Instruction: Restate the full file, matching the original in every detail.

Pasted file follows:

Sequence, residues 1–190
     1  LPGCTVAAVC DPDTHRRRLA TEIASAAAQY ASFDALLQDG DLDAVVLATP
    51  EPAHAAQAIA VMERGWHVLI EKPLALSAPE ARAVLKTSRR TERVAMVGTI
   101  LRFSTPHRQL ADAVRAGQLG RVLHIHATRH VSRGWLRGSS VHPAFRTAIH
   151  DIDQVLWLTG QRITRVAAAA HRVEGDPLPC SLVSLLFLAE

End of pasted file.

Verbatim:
Sequence, residues 1–190
     1  LPGCTVAAVC DPDTHRRRLA TEIASAAAQY ASFDALLQDG DLDAVVLATP
    51  EPAHAAQAIA VMERGWHVLI EKPLALSAPE ARAVLKTSRR TERVAMVGTI
   101  LRFSTPHRQL ADAVRAGQLG RVLHIHATRH VSRGWLRGSS VHPAFRTAIH
   151  DIDQVLWLTG QRITRVAAAA HRVEGDPLPC SLVSLLFLAE